September: Month of Sapphire

October 21, 2002
Burke Museum
Sapphire is a form of the mineral corundum.

Photo: “Saphire 10” by Alden Chadwick is licensed under CC BY-ND 2.0.

History of sapphire

Sapphires were believed to have special protective powers, such as preventing envy and protecting the wearer from poisoning. Some ancient cultures even thought that if a sapphire container held a venomous snake, it would die. In addition, people believed that sapphire had medical healing properties, such as the ability to cure colic, rheumatism, blindness, and mental illnesses.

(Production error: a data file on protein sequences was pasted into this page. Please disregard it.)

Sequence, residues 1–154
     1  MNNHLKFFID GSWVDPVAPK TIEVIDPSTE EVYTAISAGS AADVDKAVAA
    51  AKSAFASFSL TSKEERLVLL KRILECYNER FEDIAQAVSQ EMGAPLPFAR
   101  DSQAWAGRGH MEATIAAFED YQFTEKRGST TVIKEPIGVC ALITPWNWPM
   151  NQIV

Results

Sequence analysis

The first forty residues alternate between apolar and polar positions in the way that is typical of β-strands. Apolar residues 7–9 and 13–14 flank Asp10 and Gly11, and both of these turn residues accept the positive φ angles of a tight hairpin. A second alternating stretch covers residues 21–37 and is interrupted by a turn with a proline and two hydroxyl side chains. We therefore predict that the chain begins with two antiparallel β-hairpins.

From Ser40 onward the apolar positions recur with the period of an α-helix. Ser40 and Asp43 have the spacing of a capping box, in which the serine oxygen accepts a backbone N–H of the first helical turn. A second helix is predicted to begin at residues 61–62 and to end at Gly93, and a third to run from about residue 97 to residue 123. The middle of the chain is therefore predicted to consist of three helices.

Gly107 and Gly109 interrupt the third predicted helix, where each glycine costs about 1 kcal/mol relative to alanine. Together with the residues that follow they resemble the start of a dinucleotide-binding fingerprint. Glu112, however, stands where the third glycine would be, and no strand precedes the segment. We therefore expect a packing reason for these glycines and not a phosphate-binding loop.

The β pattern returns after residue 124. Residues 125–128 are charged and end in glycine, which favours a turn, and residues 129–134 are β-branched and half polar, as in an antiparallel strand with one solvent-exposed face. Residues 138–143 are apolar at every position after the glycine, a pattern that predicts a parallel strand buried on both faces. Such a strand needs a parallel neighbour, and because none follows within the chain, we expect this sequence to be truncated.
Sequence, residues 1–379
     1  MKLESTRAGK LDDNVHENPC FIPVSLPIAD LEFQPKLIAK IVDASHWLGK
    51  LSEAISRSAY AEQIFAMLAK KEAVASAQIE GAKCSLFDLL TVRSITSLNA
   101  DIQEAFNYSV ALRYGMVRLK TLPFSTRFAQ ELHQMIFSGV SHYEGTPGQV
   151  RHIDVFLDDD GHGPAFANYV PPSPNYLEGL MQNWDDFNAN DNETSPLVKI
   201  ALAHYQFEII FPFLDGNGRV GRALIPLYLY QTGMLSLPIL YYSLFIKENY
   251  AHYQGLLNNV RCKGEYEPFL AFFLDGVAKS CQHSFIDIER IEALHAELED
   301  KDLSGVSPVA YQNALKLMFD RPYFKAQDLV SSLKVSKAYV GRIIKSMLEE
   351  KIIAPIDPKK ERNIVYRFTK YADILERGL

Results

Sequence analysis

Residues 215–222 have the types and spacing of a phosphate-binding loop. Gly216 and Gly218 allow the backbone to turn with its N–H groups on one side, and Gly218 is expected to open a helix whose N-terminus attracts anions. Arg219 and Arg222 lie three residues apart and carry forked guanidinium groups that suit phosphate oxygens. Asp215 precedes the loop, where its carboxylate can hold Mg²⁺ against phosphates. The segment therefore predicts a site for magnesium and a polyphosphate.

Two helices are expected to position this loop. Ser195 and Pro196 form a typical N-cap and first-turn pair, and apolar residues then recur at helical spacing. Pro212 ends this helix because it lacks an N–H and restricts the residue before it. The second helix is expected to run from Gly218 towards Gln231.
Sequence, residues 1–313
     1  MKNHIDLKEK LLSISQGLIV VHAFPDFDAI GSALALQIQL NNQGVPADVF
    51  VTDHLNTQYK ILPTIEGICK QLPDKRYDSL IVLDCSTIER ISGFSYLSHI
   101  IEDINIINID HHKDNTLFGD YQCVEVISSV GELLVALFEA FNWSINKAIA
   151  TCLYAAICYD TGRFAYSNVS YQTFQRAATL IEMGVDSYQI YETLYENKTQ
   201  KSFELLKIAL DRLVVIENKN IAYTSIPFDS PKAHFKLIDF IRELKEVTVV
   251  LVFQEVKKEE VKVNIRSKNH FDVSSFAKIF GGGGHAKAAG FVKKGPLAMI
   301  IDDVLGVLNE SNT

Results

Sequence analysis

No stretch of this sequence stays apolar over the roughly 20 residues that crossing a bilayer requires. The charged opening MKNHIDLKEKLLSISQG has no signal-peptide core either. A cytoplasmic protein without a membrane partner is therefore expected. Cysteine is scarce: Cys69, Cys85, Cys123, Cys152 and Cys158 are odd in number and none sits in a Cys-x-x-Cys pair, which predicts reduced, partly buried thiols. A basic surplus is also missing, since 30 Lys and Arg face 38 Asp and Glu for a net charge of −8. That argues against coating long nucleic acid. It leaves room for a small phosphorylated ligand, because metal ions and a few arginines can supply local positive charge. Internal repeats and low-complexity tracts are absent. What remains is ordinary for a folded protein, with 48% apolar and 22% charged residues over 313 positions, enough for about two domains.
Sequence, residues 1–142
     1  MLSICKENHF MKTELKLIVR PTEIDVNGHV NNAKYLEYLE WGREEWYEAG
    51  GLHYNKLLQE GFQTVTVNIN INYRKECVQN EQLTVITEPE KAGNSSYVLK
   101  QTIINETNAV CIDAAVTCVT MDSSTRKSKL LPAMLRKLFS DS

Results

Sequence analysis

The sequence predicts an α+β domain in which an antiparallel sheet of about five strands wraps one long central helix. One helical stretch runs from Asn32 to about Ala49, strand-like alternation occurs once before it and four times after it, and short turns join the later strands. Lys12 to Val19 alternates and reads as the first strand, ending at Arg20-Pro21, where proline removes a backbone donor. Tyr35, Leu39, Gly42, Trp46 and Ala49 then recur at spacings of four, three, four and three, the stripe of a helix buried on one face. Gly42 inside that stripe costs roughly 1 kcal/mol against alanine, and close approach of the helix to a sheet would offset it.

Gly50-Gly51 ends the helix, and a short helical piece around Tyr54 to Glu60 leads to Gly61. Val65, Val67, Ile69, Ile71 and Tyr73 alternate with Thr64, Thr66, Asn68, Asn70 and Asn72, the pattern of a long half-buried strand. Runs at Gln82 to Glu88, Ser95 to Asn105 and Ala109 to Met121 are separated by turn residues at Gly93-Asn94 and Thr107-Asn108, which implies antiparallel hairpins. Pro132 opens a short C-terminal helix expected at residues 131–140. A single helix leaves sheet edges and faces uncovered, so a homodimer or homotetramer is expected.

Science of sapphire

Sapphire is a form of the mineral corundum, and it exists in a range of colors from light to dark blue. Corundum is the second-hardest mineral after diamond and occurs in a wide variety of colors. Sapphire is any form of corundum that is not red, as red varieties are called rubies. Sapphires can be formed in crystalline limestone, gneiss, schist, and other crystalline rocks. Gem varieties occur chiefly in placer (river gravel) deposits.

Group: Hematite
Class: Oxides and hydroxides
Chemistry: Al2O3, aluminum oxide

An alternative birthstone for September is lapis lazuli, a rock composed of numerous minerals. Gem varieties of lapis are dark blue, sometimes with white calcite spots within its structure, or specks of pyrite that look like gold.

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